Temporal and Social Structures of Collaboration
One of the insights to come out of the information seeking project is the central role played by temporal rhythms in coordinating collaborative work. Temporal rhythms are repeated patterns to the temporal organization of work. Rhythms can operate on many scales. For students and teachers, lectures have a rhythm to them, but so do entire classes, quarters, academic years, and programs of study. These rhythms create expectations that allow people to anticipate and arrange for work in the future, and so help collaborators to coordinate their work. However, traditional interactive systems present information out of context, making it hard for us to relate that information to the people we work with or to the rhythms of work in which it is caught up.
One current project is looking at ways to address this problem. We are attemptitng to capture social and temporal structures in everyday activity, and to make these structures part of the standard user experience. As an example, imagine that I'm working on a paper with some colleagues in the UK. As it draws closer to the time of day when they will no longer be responsive to email, my socially-aware filesystem gradually changes the color of the icons for the files that are part of that collaboration; and when the deadline gets very close, the icons grow larger and start to vibrate, to indicate that there is pressing activity to be carried out. Doing something like this involves relating the information I'm working with to social structures (the set of relevant people) and temporal structures (the daily or weekly schedule of our interactions.)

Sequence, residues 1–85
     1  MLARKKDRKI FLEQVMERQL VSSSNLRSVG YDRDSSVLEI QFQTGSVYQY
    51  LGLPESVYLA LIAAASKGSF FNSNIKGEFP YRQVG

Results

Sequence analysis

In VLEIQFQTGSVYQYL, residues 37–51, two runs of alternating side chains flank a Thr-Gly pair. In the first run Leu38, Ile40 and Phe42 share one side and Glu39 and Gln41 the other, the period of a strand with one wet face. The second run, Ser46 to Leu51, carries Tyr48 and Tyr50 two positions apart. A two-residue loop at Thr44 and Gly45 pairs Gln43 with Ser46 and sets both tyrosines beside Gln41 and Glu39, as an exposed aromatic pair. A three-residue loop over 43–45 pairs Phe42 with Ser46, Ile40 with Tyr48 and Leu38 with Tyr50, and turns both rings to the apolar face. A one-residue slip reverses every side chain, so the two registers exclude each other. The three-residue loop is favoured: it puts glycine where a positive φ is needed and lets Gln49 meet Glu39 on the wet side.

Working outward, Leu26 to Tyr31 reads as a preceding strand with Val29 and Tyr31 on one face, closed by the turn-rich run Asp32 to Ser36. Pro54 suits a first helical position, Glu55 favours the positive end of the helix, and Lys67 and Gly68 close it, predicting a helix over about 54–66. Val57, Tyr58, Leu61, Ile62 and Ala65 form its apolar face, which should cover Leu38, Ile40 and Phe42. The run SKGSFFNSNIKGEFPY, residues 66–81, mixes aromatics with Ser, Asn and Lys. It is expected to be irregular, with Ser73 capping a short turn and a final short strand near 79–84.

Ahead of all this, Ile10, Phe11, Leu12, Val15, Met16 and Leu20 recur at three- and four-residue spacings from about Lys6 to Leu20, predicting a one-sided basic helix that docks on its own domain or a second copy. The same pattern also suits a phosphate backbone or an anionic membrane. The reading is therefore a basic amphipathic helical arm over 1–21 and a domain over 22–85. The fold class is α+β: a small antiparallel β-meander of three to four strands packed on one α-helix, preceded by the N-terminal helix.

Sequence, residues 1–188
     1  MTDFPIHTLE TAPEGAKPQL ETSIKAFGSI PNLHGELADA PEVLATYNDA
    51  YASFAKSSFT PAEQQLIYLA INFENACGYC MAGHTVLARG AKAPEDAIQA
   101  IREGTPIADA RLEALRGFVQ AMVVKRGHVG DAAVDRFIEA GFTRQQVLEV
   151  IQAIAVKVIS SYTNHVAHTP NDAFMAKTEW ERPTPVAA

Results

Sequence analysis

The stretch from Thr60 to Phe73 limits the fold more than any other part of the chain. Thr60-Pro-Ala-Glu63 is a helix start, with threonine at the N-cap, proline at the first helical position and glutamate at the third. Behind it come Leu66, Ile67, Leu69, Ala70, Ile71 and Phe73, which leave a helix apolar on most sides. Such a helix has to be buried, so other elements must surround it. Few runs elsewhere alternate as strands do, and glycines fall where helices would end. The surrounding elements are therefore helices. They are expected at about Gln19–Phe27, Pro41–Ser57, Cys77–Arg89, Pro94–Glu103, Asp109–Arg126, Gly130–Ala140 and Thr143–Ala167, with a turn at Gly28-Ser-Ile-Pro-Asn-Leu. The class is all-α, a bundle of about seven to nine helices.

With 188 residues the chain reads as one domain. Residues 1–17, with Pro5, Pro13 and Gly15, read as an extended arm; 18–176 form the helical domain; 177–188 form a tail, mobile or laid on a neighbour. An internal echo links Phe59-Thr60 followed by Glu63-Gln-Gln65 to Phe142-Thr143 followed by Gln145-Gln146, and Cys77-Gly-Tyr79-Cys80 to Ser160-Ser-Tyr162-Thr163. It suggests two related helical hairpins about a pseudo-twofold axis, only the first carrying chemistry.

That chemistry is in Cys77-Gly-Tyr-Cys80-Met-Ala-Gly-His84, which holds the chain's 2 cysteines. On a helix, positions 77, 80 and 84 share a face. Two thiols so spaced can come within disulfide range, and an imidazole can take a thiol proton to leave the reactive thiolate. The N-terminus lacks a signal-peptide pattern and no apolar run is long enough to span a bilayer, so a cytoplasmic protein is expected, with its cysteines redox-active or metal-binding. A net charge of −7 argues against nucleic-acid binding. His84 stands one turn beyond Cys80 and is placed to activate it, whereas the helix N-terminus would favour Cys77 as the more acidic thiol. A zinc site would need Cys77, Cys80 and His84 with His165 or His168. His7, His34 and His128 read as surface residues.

Currently, we're building infrastructure technologies to gather social and temporal information automatically, and models which will allow us to process this information and make appropriate inferences from it. We're also beginning to work on interfaces that can embody this information and exploit it for everyday interaction.